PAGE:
by Jennifer Karmin
flim forum press
Reviewed by CJ Laity
At the end of aaaaaaaaaaalice (that's eleven letter "a"s, the same number of "cantos" in this "travelogue"), Jennifer Karmin explains that the poems in her book (that are actually collages derived from Alice's Adventures in Wonderland and a book called Beginning Japanese Part 2), are "word scores for polyvocal improvisation" that are "intended for reading, sound, and performance experiments." The author suggests, "every reading of this text-sound epic should produce new results."
Well, that may be the intention, but the bottom line is this is a book of poetry. Since it has two covers and is made out of paper, I am going to look at Karmin's book as a book, a book that will be read by its audience silently like any other book.
What we have here is something extremely experimental and completely anti-narrative. But just as it is within the chaos of subatomic particles that everything physical is formed, even within the randomness of these words a story develops. This story may be different for each reader, as the author seems to be suggesting, so I can only share with you the story that I get out of it.
While reading aaaaaaaaaaalice, I experience the story of a child growing up in Russia during the horrors of World War II, a child who escapes reality by means of fantasy. I sense the child's fantasies are exaggerated by some slight mental illness, as the language in this poetry often suggests manic thought patterns and the inability to concentrate on one thing at a time. If I stretch this theme out a little farther, it even seems that the fantasies absorb so much of the child's energy that they lead to something supernatural, that the voices swimming through the mind of this child are the result of reading the minds of others, others who are thinking similar but slightly different phrases, suggesting that we are all connected by our thoughts. If I take another step into the rabbit hole, the notion pops up that the thoughts are not from different people, but from many versions of the same person existing in parallel universes, in which one version of the self is thinking "it's never high" and another is thinking "it's not very high" and yet another is thinking "it's not at all high." In the last chapter of this book, the child seems to grow out of (or more precisely explode out of) her fantasy world to accept and understand her emotions as best she can.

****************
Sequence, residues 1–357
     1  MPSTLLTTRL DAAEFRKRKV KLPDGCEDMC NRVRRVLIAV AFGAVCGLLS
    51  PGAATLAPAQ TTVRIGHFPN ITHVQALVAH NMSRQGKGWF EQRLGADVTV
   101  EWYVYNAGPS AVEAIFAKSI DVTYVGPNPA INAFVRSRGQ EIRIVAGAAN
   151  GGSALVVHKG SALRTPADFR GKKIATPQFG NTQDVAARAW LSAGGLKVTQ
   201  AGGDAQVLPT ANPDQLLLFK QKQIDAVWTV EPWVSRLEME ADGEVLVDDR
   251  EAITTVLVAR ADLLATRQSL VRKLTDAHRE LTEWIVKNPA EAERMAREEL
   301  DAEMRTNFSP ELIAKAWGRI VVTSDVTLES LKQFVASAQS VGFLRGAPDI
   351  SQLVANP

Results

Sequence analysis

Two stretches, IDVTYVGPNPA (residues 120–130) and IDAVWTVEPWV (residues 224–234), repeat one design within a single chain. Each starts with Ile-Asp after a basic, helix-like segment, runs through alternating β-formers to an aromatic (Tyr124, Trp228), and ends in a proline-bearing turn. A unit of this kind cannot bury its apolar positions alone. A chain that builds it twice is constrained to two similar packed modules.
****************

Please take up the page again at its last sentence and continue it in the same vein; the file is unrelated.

That's the story I experience while reading Karmin's book. The question I have to ask myself is, how does Karmin tell this story without using any complete sentences or punctuation? She accomplishes so much so mysteriously. There is no way to completely describe the process during which a poem transcends the sum of its parts. All I can really do is describe the style of writing.
In the first ten chapters, Jennifer Karmin creates two styles of poetry. Open this book at just about any point and you will see an example of the first style on the left page and an example of the second style on the right page.